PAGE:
Dead in the Water

To Be a Reef

A new reef appeared off Fort Lauderdale's coast last month. Not a coral reef but an eternal reef. It was constructed by an Atlanta firm that specializes in memorializing the cremated remains of loved ones in cement casts that fit together in underwater "reef balls."

After a dedication ceremony February 23, aquatic creatures will start gluing themselves to the artificial reef — a pleasing thought for individuals with an attachment to the sea, according to funeral industry innovators. The reef-ball project, creating man-made cement foundations for environmentally threatened coral reefs, is nothing new; there are almost a half-million in the world's oceans. But filling them with "cremains"? For Tailpipe, that's new.

True, a Delray Beach company called SeaRest that offered the technology went under (not under the ocean but out of business) last year, and the practice has been slow to catch on around here despite South Florida's beckoning beaches. "Too expensive," Fort Lauderdale funeral director Barbara Falowski says. At around $3,000, it's cheaper than the traditional casket-in-the-ground route but more costly than the standard cremation alternative. And some people don't derive the same satisfaction knowing that Gramps is covered with sea cucumbers as they do having an urn on a mantelpiece, Falowski adds.

But the Decatur, Georgia-based Eternal Reefs is marketing its new submarine resting places as both environmentally friendly and a more personalized alternative to the old "scattering at sea" mode.

The idea actually came from the father-in-law of Eternal Reefs cofounder Don Brawley. "I can think of nothing better than having all that action going on around me all the time after I'm gone," Carleton Glen Palmer told his son-in-law. "Just make sure that the location has lots of red snapper and grouper." Not long afterward, Palmer's ashes were laid to rest in a 400-pound concrete mound on the sea floor off Sarasota.

So far, other burial innovations have had a greater impact in the Broward death market, say local funeral directors. Considerably more popular are biodegradable urns that return ashes to the sea naturally, says Jonathan Weis of Forest Lawn North in Pompano Beach. An array of products, including furniture, are also finding favor. Backyard memorials are available, Weis says, with ashes placed in chambers tucked inside birdbaths, sundials, and wind chimes. Another new development for keeping the dearly departed at arm's length is a memorial end table — with a cube-shaped urn in the drawer.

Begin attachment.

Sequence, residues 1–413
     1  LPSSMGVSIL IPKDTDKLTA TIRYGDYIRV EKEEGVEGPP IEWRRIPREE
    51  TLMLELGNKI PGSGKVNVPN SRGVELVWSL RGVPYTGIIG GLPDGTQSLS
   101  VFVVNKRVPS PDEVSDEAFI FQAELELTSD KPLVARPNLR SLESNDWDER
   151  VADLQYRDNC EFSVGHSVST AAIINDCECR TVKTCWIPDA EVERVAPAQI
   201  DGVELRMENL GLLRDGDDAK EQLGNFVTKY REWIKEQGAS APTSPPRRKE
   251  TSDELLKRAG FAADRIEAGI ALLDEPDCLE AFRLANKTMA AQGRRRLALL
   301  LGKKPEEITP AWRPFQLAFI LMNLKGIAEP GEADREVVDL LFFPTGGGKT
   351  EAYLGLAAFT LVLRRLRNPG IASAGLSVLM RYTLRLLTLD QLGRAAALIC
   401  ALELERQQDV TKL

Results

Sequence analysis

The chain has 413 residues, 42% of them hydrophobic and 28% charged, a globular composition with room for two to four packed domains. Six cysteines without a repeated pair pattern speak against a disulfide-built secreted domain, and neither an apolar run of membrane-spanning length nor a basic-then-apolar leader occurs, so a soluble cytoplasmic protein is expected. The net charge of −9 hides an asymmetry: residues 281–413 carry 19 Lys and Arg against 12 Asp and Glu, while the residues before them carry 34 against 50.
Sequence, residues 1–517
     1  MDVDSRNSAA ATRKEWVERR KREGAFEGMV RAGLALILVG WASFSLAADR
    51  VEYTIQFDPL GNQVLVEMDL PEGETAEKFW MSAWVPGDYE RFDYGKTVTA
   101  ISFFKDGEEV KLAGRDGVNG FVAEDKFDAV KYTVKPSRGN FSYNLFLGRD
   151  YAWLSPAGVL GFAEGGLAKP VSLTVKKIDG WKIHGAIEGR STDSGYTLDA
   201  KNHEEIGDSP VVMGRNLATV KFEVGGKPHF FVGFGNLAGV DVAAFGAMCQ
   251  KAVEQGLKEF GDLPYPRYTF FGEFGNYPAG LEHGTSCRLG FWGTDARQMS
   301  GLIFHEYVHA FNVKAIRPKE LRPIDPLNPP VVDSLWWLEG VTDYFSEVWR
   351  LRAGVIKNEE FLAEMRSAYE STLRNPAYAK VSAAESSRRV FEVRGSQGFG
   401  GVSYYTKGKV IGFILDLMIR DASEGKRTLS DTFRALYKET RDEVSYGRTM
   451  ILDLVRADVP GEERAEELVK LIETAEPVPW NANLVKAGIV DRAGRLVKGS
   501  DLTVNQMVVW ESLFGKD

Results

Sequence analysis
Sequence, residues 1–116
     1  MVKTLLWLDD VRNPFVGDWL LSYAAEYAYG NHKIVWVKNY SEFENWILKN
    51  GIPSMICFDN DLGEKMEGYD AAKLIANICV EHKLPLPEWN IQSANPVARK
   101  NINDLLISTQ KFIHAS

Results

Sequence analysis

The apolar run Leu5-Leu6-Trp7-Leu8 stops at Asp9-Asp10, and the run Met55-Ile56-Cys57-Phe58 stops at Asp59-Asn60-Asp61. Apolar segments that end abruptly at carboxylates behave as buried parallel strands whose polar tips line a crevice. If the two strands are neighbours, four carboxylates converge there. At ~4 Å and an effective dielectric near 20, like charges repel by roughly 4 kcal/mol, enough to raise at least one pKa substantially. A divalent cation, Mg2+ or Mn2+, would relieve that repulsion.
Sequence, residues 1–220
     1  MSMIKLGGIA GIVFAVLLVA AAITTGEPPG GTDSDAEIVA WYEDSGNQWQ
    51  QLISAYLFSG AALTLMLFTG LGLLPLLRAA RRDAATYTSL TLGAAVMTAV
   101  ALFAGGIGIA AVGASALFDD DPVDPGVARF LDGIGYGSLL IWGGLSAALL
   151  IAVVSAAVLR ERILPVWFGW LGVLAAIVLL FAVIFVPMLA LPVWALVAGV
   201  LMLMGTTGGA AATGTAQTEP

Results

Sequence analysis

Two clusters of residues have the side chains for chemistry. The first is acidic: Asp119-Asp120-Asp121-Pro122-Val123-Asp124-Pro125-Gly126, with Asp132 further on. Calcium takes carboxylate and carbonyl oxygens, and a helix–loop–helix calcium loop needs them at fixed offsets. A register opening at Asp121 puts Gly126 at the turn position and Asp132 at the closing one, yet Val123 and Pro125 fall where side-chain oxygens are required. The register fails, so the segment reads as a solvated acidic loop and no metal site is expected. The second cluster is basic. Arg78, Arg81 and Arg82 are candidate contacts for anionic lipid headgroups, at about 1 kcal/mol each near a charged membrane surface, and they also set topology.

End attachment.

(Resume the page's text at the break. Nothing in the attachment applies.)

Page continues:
There's the pricey launch-your-remains-into-space option (hallucinogen explorer Timothy Leary and Star Trek creator Gene Roddenberry) and the cannon-shot-with-fireworks dispersal (gonzo journalist Hunter S. Thompson). There are also some eerily unique approaches that will probably never catch on. "I've heard of some really strange stuff, like a gentleman who took his wife's cremains and pill-pressed 'em," Weis says. "He took a pill everyday." Could that be maybe a little unhealthy? "No, it's just a carbon. Probably went out just as fast as it went in."

Tailpipe himself, when he falls into a morbid frame of mind, thinks comfortingly of being recycled at a foundry and coming back, renewed and upgraded, on the underside of a solar-powered racer, where he'll spit out nothing but an occasional trace of carbon dioxide.

Klan Klowns

First Commandment for schoolchildren working on homework research assignments: Be suspicious of anything you read on the Internet.

A few weeks after Martin Luther King Jr. Day and in the wake of the death of King's widow, Coretta, Tailpipe stumbled upon a seemingly innocuous website called martinlutherking.org. With a homepage featuring photos of King, with his characteristic horizon-searching gaze, and topics relating to the civil rights icon's biography and historical impact, the site seemed to be a fitting source of information for high school report writers.

Well, think again, emissions breath. The site is the brainchild of Don Black, a Palm Beach-based former Ku Klux Klan leader and general hatemonger about town, as well as the owner and administrator of the "White Nationalist" website stormfront.org, "the oldest and largest hate site on the Net," according to the Southern Poverty Law Center.

Despite the official-sounding title, martinlutherking.org paints a picture of King as an unprincipled con man who plagiarized his doctoral thesis and many of his sermons and spent more time engaging in illicit sexual liaisons than in ministering to his flock. Among the books recommended for further reading: My Awakening, by former Ku Klux Klan Grand Wizard David Duke.

A major source of information for debunking the fallen civil rights leader is former FBI Director J. Edgar Hoover's clandestine campaign to sully King's reputation, which culminated in an anonymous note advising King to commit suicide. The site, of course, doesn't discuss the FBI's motives.

It's all a pathetic attempt to rewrite the history of the civil rights struggle, you say. It couldn't work, could it?

Well, there's no indication on the site of how many people have visited it, but an associated messageboard lists about 200,000 hits. There have even been some media hits. The Lebanon Reporter, an Indiana newspaper, recently apologized after running a letter to the editor that was actually a reprint of a speech posted on the website.

Recently, the school kids closest to Don Black's home were wised up. After a tip by a reporter last year, the Palm Beach County School System IT department now blocks access to the website; school officials report that no teachers have noticed any hate-tinged rhetoric creeping into student reports. Achtung, Stormfront. You can't hide. The 'Pipe will track you down.

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